When Lars von Trier channels his experience with depression through filmmaking, the result is an astonishingly surreal beauty. Slowly falling horses and colliding planets, stars and ravens, snow and ashes. Like slowly moving surreal paintings right before your eyes, resonating with a kind of melancholy that is both achingly beautiful and suffocating.
Melancholia is an art house fantasy drama about the impending apocalypse: a planet called Melancholia will hit the Earth in five days' time and we watch how the clinically depressed Justine (Kirsten Dunst), and her sister Claire (Charlotte Gainsbourg), come to terms with the imminent End.
The movie, which premiered at the 2011 Cannes Film Fest, is divided into two parts: first about Justine in her wedding reception at her sister and brother-in-law John's (Kiefer Sutherland) stunningly beautiful lakeside property (where the entire movie was shot); the second part focuses on Claire as Melancholia is looming closer to Earth; the mysterious planet previously hidden by the sun is a celestial beauty against the sky, its fascinating presence contradictory to the disaster it will cause.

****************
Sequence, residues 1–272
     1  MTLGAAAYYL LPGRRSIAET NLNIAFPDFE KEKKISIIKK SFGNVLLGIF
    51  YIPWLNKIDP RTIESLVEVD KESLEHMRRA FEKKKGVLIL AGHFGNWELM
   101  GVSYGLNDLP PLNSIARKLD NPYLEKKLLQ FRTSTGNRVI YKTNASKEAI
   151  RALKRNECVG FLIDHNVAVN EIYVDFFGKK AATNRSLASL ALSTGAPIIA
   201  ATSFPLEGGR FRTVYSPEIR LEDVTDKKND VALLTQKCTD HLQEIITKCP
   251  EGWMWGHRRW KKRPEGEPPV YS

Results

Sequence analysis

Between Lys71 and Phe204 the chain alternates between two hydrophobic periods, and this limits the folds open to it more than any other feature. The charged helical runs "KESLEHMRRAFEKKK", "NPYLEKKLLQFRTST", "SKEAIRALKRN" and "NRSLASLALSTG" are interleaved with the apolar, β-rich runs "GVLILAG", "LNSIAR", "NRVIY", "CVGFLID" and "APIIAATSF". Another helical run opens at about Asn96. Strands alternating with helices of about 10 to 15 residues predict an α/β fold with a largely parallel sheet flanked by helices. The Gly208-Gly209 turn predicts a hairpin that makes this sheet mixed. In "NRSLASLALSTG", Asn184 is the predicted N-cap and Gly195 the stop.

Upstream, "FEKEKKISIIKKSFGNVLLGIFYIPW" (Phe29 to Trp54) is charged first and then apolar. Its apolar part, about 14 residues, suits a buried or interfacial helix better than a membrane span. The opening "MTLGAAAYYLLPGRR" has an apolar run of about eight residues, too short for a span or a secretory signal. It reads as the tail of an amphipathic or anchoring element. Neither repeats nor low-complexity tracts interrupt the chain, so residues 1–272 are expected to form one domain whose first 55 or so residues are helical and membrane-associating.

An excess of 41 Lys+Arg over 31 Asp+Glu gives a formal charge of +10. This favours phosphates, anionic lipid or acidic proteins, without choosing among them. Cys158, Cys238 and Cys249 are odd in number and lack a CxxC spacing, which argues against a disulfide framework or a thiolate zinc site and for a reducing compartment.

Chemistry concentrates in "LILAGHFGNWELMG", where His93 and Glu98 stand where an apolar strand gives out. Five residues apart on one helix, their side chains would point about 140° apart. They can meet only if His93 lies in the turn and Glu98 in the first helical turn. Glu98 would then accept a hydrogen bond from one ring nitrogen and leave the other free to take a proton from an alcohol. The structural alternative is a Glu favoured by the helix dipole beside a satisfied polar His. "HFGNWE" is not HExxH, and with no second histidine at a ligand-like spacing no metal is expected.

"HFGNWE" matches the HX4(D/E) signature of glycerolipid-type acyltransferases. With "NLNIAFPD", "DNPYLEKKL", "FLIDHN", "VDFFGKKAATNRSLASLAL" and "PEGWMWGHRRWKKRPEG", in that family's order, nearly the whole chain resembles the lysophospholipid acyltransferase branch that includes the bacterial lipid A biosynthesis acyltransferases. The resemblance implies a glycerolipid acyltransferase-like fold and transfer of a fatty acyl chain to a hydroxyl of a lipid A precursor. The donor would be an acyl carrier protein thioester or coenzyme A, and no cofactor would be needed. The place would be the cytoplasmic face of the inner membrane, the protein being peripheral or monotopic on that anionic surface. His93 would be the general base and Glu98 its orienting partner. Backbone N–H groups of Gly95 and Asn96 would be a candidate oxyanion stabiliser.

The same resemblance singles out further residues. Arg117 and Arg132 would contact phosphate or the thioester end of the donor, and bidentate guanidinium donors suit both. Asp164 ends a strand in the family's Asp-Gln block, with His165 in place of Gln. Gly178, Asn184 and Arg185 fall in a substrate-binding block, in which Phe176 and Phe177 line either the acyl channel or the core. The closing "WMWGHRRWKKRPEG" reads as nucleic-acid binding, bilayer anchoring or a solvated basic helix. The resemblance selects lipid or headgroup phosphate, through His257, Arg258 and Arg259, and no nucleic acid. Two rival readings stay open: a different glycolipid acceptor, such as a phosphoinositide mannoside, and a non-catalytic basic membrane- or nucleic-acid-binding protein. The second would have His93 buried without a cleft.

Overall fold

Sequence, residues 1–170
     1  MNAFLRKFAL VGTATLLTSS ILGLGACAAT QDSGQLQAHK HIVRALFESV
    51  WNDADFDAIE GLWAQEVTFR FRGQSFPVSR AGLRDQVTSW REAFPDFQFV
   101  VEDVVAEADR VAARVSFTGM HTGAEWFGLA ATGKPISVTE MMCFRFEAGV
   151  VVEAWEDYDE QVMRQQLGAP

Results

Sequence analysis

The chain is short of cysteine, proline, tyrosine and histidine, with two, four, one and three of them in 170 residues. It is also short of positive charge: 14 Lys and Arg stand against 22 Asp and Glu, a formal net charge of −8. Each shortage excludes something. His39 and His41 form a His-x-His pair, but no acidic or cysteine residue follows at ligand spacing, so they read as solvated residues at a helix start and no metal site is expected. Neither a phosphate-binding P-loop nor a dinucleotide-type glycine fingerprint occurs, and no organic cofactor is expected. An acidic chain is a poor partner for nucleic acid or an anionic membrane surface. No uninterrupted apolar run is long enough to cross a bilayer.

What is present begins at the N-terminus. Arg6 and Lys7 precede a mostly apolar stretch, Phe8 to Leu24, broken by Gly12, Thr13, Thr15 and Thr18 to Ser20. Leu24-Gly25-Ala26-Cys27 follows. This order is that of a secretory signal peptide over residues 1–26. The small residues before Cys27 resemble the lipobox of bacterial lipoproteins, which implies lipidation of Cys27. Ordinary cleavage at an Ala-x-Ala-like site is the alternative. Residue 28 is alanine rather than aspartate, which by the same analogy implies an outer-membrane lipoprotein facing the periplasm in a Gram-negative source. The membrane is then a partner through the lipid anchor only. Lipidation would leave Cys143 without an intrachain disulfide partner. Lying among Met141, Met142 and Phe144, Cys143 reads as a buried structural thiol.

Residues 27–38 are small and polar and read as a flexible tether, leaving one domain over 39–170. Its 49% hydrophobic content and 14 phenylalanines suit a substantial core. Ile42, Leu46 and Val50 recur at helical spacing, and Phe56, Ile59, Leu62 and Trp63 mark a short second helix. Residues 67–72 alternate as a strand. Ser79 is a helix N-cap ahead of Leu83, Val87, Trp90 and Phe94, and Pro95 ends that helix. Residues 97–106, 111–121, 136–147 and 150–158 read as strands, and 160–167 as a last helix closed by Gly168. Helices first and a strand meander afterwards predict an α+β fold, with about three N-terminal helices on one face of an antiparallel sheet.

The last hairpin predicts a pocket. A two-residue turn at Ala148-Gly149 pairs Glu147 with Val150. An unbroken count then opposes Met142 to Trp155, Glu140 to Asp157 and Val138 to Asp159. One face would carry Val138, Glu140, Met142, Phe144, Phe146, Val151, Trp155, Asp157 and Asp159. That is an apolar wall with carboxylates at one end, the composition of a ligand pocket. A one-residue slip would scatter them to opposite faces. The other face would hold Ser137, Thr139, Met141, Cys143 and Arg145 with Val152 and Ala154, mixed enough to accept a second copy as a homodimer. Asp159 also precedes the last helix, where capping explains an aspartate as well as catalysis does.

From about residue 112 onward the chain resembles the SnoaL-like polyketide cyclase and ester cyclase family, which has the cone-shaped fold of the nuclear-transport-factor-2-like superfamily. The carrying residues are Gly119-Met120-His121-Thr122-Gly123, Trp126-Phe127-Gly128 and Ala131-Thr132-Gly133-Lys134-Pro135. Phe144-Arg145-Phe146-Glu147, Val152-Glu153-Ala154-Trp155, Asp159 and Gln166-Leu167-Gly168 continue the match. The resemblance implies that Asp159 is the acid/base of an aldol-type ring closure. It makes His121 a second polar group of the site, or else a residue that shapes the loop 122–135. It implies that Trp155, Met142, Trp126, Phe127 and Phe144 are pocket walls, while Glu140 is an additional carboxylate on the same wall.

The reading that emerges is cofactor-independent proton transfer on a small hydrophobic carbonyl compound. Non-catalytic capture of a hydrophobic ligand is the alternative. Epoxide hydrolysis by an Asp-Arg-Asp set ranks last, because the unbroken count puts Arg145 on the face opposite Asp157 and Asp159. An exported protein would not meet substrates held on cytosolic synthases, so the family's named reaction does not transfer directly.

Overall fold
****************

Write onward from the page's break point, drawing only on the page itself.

In Part I, at the wedding reception, the film is intensely shaky, in an annoyingly dizzying documentary fashion that you have to patiently endure. Shaky, snappy transitions and tight close-ups. But this camera treatment is essential, as it effectively gives us a sense of reality, that this is not entirely a sci-fi movie, at the same time putting us in Justine's perspective-- detached and empty. Seeing but not feeling. Everything feels like a meaningless blur, with a dream-like atmosphere...just like what depression feels like.
Part II of the movie is more stable, in Claire's world, however gloomy, with an ominous feel as Melancholia is nearing Earth. Here, Justine faces the impending doom quite serenely, as Melancholia will end her misery and meaningless existence. Whereas Claire is wildly unprepared-- despite John's confident assurances that Melancholia will simply fly by, according to scientists.
Lars von Trier translates depression into a mesmerizing motion picture, merging reality and fantasy into a dramatic, magical experience that is still in touch with the universal truths about the human psyche. And we become one with each sister, seeing the world from two different perspectives.
Melancholia portrays depression and impending disaster with stunning and poetic imagery. And Richard Wagner’s prelude to his opera Tristan and Isolde, as the repeated musical score in dramatic moments, makes the film more emotionally intensifying. And the whole time, the ethereal beauty we see in the film runs parallel with a strong sense of melancholy.
The movie is not excessive nor self-indulgent. It is sincere and inspired, tragic and genius.
4.5 out of 5 stars